But, it wasn’t until 2017 when the digital landscape began to shift in favor of future-proof fiber connectivity. That was the year the Maryland General Assembly established the Task Force on Rural Internet, Broadband, Wireless and Cellular Service to help address broadband inequities on the Eastern Shore and in other rural parts of the state.
Gov. Larry Hogan appointed Easton Utilities President and CEO Hugh E. Grunden to serve on the task force, which happened to coincide with the county awarding Easton Utilities with a contract to deliver broadband service to the county’s unserved regions.
Then, in December of 2018, the utility was awarded a $13.1 million grant from the US Department of Agriculture (USDA) ReConnect program to expand service into most of Talbot County, Simonsen recounted. That set the table for network construction to get underway in December of 2021. Earlier this year, Easton Utilities was awarded an additional $3.6 million grant from the state’s Connect Maryland initiative to further extend the network to the 8 percent of Talbot County residents who could not be reached by the USDA grant.
The $1.75 million in Rescue Plan funds most recently allocated by the county, Simonsen said, will relieve “the burden of the initially planned customer contribution, which has been eliminated for the majority of future customers.”
Wave of Fiber Crests Across Eastern Shore in Easton and Elsewhere
As Easton Utilities expands into the more rural parts of the county, it is also converting its current subscriber base in Easton to fiber thanks to the town opting to use $5 million of its Rescue Plan funds to help pay for it. Easton Utilities is using $10 million of its own funds to cover the rest of the estimated cost.
Subscribers have a choice of six different service tiers: Easton Velocity’s “value” package (100/5 Megabits per second) is $48/month; the “ultimate” tier (500/15 Mbps) is $100/month and the “extreme” gig speed service is $150/month.
While most fiber networks offer symmetrical speeds, Easton Velocity’s service tiers reflect the fact that they have yet to convert the bulk of their subscribers to fiber. Still, Simonsen said, for those subscribers who will soon get fiber, or the 108 subscribers who already have a new fiber connection, symmetrical speeds are available upon request.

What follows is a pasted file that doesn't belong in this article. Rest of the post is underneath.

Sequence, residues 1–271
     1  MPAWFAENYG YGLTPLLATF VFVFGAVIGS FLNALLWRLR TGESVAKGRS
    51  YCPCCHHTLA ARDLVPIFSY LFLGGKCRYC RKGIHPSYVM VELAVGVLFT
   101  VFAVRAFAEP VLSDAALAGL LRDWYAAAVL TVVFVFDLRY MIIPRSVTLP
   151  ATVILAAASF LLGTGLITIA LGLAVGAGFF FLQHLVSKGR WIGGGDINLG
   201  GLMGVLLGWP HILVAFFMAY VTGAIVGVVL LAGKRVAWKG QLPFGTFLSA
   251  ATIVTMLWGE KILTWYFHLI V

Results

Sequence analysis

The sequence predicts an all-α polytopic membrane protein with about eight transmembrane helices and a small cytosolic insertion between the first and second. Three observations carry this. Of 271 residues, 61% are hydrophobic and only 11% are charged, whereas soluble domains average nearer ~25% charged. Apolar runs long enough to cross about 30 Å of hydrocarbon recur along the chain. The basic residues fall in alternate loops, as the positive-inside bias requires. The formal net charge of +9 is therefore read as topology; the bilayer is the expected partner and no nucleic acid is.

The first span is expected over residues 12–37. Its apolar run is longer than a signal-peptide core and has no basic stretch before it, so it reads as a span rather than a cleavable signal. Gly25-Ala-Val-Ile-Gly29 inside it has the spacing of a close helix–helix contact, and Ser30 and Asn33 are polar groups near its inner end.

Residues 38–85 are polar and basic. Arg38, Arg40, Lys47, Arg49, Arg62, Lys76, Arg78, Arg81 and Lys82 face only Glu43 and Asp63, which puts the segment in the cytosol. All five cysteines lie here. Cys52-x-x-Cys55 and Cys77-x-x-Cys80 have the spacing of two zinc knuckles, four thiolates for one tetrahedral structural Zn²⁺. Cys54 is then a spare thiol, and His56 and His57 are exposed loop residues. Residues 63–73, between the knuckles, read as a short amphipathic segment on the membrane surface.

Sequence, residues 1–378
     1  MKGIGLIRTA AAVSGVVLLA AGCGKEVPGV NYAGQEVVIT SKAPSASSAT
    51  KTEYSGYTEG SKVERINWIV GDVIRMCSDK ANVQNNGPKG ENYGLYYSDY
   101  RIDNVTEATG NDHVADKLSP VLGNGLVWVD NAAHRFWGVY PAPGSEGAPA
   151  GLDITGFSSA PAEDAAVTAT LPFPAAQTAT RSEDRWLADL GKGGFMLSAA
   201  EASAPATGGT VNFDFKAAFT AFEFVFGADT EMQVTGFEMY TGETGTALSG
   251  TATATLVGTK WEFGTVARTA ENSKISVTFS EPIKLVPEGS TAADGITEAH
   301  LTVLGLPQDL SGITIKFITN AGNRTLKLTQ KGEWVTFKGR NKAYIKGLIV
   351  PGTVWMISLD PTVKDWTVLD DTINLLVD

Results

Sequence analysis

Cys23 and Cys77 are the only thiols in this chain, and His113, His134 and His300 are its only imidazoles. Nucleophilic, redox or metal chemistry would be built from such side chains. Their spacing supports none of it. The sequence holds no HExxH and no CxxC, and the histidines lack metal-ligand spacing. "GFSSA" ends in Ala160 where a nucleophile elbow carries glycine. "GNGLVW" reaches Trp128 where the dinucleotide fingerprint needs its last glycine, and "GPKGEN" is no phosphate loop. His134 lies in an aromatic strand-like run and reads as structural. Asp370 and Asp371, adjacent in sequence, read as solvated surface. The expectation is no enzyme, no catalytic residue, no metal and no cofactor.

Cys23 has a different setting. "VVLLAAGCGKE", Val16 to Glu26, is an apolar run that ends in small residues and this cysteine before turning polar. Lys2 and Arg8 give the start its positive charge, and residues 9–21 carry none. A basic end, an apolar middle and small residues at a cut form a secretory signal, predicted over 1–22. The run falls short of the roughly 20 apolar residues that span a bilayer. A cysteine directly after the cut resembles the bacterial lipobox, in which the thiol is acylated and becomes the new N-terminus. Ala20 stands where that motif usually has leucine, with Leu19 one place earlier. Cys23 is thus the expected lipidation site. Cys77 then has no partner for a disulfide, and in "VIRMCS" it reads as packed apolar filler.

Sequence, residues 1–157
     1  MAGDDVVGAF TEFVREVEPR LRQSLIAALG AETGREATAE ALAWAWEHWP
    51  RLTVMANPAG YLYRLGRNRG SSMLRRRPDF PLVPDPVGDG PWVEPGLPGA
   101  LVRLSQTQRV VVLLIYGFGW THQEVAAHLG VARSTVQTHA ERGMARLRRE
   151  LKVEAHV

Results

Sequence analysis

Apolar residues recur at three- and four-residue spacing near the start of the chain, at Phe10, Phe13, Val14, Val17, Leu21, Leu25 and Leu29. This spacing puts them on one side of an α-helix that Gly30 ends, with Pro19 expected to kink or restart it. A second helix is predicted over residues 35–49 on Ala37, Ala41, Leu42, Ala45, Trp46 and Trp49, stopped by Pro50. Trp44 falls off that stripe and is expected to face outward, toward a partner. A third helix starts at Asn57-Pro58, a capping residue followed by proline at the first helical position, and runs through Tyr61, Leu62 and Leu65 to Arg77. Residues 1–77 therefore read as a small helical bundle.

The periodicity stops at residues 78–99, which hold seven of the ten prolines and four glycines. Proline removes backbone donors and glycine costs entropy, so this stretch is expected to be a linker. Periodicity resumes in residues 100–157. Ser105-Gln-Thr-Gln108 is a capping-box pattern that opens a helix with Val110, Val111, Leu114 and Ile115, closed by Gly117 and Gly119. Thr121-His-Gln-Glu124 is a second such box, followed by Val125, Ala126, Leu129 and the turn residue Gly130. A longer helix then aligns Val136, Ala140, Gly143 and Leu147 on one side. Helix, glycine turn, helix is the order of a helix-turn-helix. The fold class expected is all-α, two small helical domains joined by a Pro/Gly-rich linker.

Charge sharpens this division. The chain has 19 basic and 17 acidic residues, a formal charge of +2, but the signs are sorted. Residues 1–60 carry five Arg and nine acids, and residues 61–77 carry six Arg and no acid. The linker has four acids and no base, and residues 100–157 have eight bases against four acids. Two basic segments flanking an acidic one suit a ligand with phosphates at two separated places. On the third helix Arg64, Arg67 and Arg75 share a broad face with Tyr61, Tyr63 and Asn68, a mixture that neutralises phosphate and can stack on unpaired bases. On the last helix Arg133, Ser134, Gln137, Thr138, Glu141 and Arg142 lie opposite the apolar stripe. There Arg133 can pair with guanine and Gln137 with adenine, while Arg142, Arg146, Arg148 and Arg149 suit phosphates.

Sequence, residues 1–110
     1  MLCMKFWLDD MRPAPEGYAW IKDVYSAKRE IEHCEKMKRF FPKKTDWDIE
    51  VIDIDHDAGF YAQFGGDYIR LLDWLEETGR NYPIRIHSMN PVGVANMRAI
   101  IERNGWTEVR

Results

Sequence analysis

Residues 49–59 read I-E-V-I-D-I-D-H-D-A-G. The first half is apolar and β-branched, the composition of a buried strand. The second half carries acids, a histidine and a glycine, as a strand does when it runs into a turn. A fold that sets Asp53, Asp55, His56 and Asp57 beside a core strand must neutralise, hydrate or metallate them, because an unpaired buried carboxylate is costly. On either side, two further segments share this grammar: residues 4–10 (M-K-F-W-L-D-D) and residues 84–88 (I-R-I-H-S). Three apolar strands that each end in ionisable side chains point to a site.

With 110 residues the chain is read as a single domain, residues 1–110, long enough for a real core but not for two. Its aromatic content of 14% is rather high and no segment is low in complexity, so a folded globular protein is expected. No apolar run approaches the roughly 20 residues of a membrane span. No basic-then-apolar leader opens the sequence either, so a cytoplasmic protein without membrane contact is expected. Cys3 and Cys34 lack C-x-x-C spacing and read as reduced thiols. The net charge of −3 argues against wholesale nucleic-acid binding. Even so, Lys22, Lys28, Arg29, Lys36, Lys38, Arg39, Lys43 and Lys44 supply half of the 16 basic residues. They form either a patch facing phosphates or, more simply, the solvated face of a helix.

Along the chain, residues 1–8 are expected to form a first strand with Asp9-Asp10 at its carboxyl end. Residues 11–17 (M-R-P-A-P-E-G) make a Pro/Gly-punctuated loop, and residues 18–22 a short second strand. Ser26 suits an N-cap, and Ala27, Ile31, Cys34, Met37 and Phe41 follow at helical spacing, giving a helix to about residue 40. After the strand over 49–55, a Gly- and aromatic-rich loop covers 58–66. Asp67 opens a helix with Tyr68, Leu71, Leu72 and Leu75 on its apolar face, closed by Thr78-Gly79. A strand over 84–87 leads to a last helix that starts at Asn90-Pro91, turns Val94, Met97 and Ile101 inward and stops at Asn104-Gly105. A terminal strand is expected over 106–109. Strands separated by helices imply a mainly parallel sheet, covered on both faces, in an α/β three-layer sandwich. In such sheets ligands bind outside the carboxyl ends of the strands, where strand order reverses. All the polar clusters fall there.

“It has taken a partnership at the federal, state, and local level (combined with Easton Utilities own money as part of the mix) to gather the funding required to complete this transformational project,” Simonsen added.
Meanwhile, in other parts of the state, locally-controlled publicly-owned projects are taking off. The Choptank Electric Cooperative, which also serves rural counties in the Eastern Shore and who recently hauled in close to $20 million state grant funding, is in the process of building a fiber-to-the-home network that will reach all 54,000 of its members spread out across nine counties, as we reported here.
And while Maryland is committing funds to expand broadband in rural parts of the state, unlike a number of other states whose broadband expansion initiatives are almost exclusively focused on rural projects, Maryland is also looking to address the digital divide in its urban centers such as Baltimore where affordability is a major barrier to broadband access.
Header image of downtown Easton courtesy of Flickr user David Steele, Attribution 2.0 Generic (CC BY 2.0)
Inline map of Talbot County courtesy of Wikimedia Commons, Attribution-ShareAlike 3.0 Unported (CC BY-SA 3.0)
Inline pic of Route 404 courtesy of Wikimedia Commons, Attribution-ShareAlike 4.0 International (CC BY-SA 4.0)